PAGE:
Air Travel News
Briefs: Qantas ends long-haul Wi-Fi; Lufthansa sets intra-European plans
In news of international airlines, Qantas determines that the availability of in-flight Wi-Fi is not necessarily a good idea in all markets; Lufthansa says it will revolutionize intra-European low-cost service; and Canada’s WestJet unveils some technology initiatives.
After a nine-month test program on its A380 super-jumbo service from Australia to Los Angeles and London, Qantas has decided not to offer in-flight Wi-Fi on long-haul flights, according to media reports from Sydney. The airline’s decision was prompted not only by the relatively high cost of providing satellite-based Wi-Fi on transoceanic flights, but also by limited customer acceptance—fewer than 5 percent of passengers on the test flights chose to use the service. The airline noted that the timing of its flights might also have been a factor, since they operated mainly at night when most passengers were trying to sleep.
Lufthansa has set a July 1 launch for what it is calling the “new Germanwings.” The airline’s Germanwings subsidiary has been a low-cost operator that will go through a huge overhaul next summer when Lufthansa expands it by adding all Lufthansa mainline intra-European services except those flights that operate out of its Frankfurt and Munich hubs. Lufthansa said that the new Germanwings, which will have a fleet of 90 planes, “is set to revolutionize the European low-cost market” by introducing “a la carte flying.” The new Germanwings product will have three fare levels; the highest one, aimed at business travelers, will include “lots of amenities and extras,” while the lowest will be a “no-frills” price. Lufthansa said it is developing new mobile bookings systems for Germanwings, and that “all prices will be communicated fairly and without hidden costs.”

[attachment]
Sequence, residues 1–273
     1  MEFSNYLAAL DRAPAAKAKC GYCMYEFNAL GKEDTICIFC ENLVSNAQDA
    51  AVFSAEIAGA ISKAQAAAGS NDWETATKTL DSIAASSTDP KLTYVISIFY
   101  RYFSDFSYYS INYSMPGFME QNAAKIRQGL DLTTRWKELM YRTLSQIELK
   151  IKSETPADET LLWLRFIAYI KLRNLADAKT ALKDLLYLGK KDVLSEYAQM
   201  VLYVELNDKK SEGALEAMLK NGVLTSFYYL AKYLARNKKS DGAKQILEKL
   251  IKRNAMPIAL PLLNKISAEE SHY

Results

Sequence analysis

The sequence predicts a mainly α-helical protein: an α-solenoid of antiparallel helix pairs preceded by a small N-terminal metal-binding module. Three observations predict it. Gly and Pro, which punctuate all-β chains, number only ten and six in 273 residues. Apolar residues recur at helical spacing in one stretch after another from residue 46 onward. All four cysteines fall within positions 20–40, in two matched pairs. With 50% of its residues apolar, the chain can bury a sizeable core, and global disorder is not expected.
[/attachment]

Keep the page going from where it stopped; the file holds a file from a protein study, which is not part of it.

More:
In an interview with Reuters in Canada, WestJet Airlines chief executive Gregg Saretsky said the company plans a major revamp of its online sales technology starting early next year in order to attract more business travelers. The revamp is in line with a product overhaul that will bring new Premium Economy seating to the airline’s 737 fleet by next spring. While WestJet currently offers only the lowest-priced tickets for Internet bookings, the new system will sell economy, mid-tier and premium tickets. The premium pricing will include flexible rebooking, no cancellation fee, priority boarding, in-flight meal service and a baggage allowance.